Last month, I was greeted at my mailbox by a package from one of my very favorite film distributors, Vinegar Syndrome (see my review of their 4k Blu-ray release of 1993’s Body Melt here). Since I hadn’t ordered anything from them recently, the contents inside that inconspicuous mailing envelope were a complete mystery to me. To my surprise, it was Blu-ray/DVD for the 1982 National Lampoon-style slapstick horror film, Wacko, restored in glorious 4k restoration from its long lost camera negative, along with a reversible slipcover. Slapstick horror? Count me in!
Originally releasing May 28, 1982, Wacko predates this generation’s most well known slapstick horror film, Scary Movie, by over twenty years. Not only is it a parody of both horror films and teen sex comedies, it is called by those in the know the slasher version of Airplane!. This little known film hasn’t been available on VHS since the ’80s, and never on DVD or Blu-ray, despite the fact that it came out around the same time as other similar horror comedies like Transylvania 6-5000 (1985), Student Bodies (1981), Full Moon High (1982), Pandemonium (1982), Hysterical (1983), Saturday the 14th (1981) and Class Reunion (1982), which was written by The Breakfast Club’s John Hughes.
“Death to all teenagers who fuck!”
Directed by Greydon Clark (Joysticks 1983) from a script by The ‘Burbs’ Dana Olsen, Wacko stars Andrew Dice Clay (The Adventures of Ford Fairlane 1990) in his debut role as Tony Schlongini, along with Joe Don Baker (Fletch 1985, Goldeneye 1995) as Dick Harbinger, Stella Stevens (The Poseidon Adventure 1972) as Mrs. Doctor Graves, George Kennedy (Creepshow 2 1987) as Dr. Doctor Graves, Charles Napier (The Blues Brothers 1980) as Chief O’Hara, Julia Duffy (Newhart TV series) as Mary Graves, Elizabeth EG Daily (Rugrats TV series, Pee-wee’s Big Adventure 1985) as Bambi, Scott McGinnis (Star Trek III: The Search for Spock 1984) as Norman Bates, Sonny Davis (Fast Times At Ridgemont High 1982) as the Weirdo and Michael Lee Gogin (Critters 1986) as Damien.
Thirteen years ago at the Pumpkin Prom, the infamous Lawnmower Killer went on a brutal rampage, murdering several high school students, including Mary Graves’ older sister, traumatizing her for life. Now, after the unexpected escape of the prisoner from the state mental institution, who may or may not be the killer, it’s up to hard-nosed gumshoe Dick Harbinger to solve the case before the Lawnmower Killer seeks out a new slew of victims at the upcoming Pumpkin Prom – that is, if anyone is able to survive the hilarious horror hijinks leading up to it!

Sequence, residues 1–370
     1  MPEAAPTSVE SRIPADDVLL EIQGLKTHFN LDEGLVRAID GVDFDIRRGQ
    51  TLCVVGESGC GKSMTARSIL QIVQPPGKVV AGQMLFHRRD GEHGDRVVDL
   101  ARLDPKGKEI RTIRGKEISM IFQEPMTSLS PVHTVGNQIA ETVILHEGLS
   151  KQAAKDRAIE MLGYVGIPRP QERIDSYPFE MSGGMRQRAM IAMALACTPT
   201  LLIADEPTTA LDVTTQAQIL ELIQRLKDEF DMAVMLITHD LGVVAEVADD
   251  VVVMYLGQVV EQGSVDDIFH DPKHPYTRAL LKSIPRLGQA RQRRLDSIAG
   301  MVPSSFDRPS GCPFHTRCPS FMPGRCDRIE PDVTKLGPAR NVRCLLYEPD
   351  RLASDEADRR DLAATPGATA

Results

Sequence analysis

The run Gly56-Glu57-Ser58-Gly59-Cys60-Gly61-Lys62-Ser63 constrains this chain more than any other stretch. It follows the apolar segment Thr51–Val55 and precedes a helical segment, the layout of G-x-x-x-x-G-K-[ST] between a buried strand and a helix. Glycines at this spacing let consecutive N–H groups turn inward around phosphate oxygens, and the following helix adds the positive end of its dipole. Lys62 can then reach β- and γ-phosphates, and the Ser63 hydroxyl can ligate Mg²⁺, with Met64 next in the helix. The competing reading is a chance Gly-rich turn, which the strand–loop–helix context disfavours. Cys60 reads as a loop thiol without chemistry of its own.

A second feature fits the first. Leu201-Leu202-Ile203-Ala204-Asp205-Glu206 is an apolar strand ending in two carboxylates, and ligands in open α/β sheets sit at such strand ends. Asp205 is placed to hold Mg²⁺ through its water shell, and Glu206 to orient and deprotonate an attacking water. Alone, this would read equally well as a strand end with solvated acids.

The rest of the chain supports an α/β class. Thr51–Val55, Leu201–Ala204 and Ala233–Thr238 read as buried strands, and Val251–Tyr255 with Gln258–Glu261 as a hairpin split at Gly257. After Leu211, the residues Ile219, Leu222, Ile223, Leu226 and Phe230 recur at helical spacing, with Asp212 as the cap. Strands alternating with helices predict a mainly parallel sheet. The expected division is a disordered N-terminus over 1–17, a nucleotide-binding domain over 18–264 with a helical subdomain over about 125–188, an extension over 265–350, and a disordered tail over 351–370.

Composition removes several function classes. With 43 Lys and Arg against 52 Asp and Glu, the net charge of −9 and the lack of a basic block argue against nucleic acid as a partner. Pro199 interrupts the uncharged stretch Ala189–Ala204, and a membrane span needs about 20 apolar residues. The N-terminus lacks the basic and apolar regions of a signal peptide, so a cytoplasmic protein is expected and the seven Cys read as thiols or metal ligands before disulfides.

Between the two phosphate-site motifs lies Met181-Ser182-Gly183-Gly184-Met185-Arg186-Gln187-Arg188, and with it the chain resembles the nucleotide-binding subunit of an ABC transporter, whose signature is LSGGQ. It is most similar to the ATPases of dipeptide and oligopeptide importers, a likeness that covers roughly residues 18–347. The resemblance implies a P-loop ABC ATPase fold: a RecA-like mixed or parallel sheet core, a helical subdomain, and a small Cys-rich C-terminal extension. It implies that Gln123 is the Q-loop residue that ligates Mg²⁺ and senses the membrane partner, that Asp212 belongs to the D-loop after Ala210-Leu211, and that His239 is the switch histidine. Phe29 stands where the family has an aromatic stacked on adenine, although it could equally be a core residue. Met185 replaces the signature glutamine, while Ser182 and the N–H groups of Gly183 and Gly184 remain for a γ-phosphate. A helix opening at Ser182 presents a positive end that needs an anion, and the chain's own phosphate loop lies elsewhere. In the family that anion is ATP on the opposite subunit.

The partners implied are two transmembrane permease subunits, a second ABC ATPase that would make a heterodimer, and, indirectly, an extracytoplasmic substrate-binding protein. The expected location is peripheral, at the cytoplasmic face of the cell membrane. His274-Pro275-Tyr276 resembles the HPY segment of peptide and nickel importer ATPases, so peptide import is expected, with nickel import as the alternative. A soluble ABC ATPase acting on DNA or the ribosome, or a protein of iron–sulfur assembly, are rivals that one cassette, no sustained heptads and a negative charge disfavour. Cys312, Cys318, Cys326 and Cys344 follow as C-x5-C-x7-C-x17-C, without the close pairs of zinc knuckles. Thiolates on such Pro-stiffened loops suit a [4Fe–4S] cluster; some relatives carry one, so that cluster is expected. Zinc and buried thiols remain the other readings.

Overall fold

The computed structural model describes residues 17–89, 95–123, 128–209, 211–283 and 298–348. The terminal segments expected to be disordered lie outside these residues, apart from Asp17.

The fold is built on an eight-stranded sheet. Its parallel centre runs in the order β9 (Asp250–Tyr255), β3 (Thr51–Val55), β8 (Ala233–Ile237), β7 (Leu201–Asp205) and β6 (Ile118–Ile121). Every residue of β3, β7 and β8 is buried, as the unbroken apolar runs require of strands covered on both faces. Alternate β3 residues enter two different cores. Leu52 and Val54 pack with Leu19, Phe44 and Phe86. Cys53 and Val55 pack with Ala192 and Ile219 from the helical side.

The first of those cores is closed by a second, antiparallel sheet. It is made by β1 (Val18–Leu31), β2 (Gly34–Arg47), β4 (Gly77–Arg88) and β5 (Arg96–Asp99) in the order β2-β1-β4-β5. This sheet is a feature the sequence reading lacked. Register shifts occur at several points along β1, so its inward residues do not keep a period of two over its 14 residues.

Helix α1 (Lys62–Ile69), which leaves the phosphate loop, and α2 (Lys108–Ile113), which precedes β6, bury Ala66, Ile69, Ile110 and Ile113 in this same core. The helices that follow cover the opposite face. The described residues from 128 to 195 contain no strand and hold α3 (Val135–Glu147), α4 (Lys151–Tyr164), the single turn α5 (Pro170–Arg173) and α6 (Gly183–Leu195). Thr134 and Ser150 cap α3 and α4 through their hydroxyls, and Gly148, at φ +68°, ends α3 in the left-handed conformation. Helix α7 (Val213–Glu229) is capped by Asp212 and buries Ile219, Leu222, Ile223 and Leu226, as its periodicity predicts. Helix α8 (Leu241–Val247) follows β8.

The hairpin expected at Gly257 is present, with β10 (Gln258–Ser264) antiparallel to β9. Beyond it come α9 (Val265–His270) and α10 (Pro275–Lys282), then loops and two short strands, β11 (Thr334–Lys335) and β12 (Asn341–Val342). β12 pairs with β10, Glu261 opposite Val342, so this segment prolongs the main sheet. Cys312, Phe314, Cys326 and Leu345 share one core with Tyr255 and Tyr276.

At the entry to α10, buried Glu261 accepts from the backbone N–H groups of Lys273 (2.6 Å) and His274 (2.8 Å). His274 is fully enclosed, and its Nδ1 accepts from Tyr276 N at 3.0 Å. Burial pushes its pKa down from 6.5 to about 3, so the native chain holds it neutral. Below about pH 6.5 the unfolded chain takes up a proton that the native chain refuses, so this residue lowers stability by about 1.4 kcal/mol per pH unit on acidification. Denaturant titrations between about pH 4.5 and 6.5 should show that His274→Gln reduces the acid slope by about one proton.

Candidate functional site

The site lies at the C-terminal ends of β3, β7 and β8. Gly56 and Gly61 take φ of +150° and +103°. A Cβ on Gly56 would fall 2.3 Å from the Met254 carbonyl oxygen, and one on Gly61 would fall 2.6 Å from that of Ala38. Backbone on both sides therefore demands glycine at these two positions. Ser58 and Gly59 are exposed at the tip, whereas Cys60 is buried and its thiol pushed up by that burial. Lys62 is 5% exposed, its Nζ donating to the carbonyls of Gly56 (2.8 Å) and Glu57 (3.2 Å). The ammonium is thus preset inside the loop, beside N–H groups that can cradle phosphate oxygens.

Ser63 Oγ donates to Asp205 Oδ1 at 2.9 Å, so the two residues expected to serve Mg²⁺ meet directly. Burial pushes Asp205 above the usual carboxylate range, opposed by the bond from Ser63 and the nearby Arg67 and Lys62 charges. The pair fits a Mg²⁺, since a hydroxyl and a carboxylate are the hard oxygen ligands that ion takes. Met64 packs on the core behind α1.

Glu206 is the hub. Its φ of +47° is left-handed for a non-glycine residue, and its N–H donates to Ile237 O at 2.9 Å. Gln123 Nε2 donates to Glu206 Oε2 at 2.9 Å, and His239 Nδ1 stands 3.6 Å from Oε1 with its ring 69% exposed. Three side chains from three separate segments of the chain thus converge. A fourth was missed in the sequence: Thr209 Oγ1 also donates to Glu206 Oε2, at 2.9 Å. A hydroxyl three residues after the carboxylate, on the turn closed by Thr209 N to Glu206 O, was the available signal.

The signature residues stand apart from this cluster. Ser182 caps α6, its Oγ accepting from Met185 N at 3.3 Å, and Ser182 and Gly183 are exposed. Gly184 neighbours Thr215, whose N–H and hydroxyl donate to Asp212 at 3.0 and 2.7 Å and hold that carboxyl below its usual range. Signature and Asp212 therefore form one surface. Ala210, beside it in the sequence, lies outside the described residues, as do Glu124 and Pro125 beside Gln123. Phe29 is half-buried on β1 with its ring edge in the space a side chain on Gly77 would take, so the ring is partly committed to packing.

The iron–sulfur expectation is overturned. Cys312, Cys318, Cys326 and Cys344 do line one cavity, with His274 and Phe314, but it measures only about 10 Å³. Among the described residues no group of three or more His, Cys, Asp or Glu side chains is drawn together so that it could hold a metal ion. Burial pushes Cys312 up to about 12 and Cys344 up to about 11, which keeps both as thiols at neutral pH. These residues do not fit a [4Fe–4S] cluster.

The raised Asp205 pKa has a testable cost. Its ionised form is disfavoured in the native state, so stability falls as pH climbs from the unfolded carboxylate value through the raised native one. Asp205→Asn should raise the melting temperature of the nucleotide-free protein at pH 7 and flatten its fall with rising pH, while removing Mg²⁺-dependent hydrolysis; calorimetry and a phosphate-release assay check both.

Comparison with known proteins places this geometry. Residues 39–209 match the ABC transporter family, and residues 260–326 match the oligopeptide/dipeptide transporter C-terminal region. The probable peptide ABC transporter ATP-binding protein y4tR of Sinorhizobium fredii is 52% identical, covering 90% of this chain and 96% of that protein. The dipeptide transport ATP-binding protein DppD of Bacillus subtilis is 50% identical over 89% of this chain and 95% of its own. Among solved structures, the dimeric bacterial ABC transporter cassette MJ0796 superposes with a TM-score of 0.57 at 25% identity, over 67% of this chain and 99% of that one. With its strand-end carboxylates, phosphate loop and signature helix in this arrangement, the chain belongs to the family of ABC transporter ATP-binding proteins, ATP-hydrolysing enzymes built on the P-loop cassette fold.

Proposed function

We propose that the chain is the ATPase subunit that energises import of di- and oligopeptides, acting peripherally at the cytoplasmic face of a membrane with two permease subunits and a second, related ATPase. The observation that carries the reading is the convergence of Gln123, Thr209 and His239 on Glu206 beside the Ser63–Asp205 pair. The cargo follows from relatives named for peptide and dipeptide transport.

- Newly scanned and restored in 4K from its 35mm original camera negative
- Brand new commentary track with Director Greydon Clark
- “Die Laughing” – an interview with cinematographer Nicholas von Sternberg
- Never before seen outtakes
- Original theatrical trailer
- Reversible cover artwork
- English SDH subtitles
I honestly can’t believe this film isn’t more popular. Sure, it’s not scary, but the horror elements mixed with the hilarious comedy is certainly noteworthy, and Wacko should get more recognition. Like Body Melt before it, this Wacko restoration is absolutely gorgeous. It’s so clear, that if I didn’t know better, I would have thought this was a throwback film in made in contemporary times. The only thing I noticed were some glitchy bits during the credits, but that may have been my personal copy of the film and not something that’s been recreated on all of these Vinegar Syndrome Blu-rays and DVDs.
Rather than go through what I liked and didn’t like about it, I’m just going to list some of my favorite things.
- Alfred Hitchcock:
- The recurrent use of the Alfred Hitchcock Presents theme song, The Funeral March of the Marionette
- The name of the school is Alfred Hitchcock High School
- The football game played at Alfred Hitchcock High School was between two teams: Hitchcock’s BIRDS and the Brian de Palma High School’s KNIVES
- Like Michael Myers and Jason Voorhees, The Lawnmower Killer wears a mask… although his is a giant Jack-O-Lantern with a pumpkin stem nose
- Mary’s little brother, Damien, has a a 666 on his forehead and can summon actual Hell in the attic